Time of day and sleep deprivation have a significant effect on our metabolism, reveals study published in PNAS (Proceedings of the National Academy of Sciences). The finding could be crucial when looking at the best time of day to test for diseases such as cancer and heart disease, and for administering medicines effectively.
Researchers from the University of Surrey and The Institute of Cancer Research, London, investigated the links between sleep deprivation, body clock disruption and metabolism, and discovered a clear variation in metabolism according to the time of day.
Healthy male volunteers were put in an environment where light, sleep, meals and posture were controlled. Researchers collected blood samples every two hours to show how metabolic biomarkers change during the day. For the first 24 hours, the participants experienced a normal wake/sleep cycle. This was followed by 24 hours of wakefulness, to investigate the effect of sleep deprivation on metabolic rhythms. The results showed that metabolic processes are significantly increased during sleep deprivation. 27 metabolites, including serotonin, were found at higher levels in periods of sleep deprivation compared to levels during sleep.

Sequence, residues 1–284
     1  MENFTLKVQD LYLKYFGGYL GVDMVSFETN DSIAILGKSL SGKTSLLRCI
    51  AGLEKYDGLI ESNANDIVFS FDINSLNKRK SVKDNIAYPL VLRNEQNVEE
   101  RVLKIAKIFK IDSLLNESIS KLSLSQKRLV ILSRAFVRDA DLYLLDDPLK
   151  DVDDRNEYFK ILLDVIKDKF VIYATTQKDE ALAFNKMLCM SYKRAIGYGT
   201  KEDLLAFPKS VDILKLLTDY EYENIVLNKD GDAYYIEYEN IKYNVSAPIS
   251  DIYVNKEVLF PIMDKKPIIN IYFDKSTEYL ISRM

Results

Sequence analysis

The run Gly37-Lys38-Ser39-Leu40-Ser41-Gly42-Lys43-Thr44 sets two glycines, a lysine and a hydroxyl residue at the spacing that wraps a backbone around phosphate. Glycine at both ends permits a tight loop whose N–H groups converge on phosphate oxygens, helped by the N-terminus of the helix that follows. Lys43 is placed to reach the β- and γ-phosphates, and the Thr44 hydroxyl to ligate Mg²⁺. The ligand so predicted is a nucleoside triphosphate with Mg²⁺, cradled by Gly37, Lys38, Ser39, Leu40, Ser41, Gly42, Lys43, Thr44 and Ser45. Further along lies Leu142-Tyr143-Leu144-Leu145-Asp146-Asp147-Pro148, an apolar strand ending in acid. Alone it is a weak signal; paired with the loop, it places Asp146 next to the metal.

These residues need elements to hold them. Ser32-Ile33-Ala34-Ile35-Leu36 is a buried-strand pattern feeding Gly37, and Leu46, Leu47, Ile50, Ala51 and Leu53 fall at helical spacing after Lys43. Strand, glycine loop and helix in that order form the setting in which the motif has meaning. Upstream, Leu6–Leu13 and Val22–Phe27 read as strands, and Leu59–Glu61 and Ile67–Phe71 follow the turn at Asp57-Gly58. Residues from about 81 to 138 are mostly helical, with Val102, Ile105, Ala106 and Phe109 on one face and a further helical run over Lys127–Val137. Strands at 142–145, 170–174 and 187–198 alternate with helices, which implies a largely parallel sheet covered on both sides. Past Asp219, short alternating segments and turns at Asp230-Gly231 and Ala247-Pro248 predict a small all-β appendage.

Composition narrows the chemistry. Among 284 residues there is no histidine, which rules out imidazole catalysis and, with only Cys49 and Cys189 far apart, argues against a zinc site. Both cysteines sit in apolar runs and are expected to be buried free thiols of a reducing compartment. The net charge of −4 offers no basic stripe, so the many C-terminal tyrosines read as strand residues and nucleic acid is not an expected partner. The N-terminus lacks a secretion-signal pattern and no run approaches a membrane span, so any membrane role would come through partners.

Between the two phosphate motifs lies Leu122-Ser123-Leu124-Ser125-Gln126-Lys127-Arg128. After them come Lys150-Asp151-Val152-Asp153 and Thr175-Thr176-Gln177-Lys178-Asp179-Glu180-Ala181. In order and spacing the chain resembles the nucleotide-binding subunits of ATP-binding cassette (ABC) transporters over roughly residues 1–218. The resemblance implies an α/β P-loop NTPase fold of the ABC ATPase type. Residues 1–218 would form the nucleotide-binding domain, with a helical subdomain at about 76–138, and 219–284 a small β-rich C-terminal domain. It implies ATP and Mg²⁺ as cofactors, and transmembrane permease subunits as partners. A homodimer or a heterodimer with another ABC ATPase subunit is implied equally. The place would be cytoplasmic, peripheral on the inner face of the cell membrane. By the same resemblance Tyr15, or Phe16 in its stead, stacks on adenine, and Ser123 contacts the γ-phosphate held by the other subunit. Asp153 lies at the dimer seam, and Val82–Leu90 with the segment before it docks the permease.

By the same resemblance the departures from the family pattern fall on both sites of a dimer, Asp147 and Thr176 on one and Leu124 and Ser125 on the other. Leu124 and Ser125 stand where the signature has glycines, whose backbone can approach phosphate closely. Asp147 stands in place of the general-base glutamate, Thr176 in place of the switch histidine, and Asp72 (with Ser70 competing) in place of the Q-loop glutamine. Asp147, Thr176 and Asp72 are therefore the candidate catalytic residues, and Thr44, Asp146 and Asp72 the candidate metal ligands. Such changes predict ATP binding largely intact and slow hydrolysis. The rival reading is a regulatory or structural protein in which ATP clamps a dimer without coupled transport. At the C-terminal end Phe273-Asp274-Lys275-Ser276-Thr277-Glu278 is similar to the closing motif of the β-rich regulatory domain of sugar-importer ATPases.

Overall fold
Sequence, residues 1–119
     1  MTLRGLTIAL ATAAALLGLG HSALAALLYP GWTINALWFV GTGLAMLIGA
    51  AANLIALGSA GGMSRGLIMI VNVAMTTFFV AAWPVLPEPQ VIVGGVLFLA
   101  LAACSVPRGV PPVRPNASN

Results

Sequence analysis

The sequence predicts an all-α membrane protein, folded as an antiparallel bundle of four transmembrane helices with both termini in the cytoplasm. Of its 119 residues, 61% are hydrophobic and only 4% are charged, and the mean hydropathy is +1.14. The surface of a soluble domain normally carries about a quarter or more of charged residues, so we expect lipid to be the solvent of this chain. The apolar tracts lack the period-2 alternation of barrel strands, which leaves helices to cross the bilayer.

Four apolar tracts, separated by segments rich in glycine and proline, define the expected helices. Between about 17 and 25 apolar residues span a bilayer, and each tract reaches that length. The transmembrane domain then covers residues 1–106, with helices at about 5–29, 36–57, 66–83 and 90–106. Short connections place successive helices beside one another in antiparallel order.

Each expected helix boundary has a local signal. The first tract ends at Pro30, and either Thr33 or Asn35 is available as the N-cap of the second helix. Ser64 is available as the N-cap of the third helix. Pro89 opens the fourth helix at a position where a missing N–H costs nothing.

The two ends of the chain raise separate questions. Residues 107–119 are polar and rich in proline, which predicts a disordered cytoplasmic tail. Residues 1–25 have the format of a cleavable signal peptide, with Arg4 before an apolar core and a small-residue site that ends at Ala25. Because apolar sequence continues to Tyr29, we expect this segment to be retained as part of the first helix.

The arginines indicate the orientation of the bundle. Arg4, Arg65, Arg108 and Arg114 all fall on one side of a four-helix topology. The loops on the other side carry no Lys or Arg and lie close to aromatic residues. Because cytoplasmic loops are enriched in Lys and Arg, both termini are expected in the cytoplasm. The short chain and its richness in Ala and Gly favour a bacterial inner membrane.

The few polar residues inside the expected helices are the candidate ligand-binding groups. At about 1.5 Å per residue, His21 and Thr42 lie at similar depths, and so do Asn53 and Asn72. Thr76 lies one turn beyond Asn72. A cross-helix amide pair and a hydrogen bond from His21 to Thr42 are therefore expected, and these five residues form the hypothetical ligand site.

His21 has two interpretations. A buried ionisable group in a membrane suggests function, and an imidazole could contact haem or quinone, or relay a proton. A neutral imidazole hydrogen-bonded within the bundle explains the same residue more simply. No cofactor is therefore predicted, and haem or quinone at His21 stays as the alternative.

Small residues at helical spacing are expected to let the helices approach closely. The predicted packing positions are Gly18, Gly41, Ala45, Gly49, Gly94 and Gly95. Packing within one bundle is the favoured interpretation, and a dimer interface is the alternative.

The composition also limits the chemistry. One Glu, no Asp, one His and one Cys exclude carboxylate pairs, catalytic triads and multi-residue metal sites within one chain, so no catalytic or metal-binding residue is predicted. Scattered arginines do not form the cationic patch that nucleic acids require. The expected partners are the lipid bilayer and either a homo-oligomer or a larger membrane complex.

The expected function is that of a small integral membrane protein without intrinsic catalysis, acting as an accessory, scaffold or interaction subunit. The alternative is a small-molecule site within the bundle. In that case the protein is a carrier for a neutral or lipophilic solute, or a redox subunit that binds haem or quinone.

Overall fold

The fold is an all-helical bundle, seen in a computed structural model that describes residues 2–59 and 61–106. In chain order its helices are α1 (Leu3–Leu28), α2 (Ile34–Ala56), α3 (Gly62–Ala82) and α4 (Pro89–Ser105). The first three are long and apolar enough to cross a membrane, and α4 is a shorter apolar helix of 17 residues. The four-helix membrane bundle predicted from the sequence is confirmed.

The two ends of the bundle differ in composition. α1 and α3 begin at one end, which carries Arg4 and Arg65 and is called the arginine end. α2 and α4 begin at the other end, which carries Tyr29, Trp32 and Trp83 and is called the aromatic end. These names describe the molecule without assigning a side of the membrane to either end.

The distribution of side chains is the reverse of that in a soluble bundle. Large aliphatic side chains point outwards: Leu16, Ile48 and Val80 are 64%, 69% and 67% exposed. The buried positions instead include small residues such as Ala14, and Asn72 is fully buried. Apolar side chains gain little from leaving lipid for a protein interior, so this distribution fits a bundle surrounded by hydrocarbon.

Co-Senior author, Dr Florence Raynaud, a group leader at The Institute of Cancer Research, London, said: "The study made accurate measurements of a large number of metabolites as they varied by time of day and under different sleep patterns. Our findings are likely to be important in interpreting the results of blood tests, and in understanding why some individuals respond differently to medication. They also set reference points for future studies looking at the connection between metabolic processes and diseases such as cancer."
The research was funded by a grant from the BBSRC awarded to a large team of researchers, and was conducted at the University of Surrey's Faculty of Health and Medical Sciences and at The Institute of Cancer Research, London.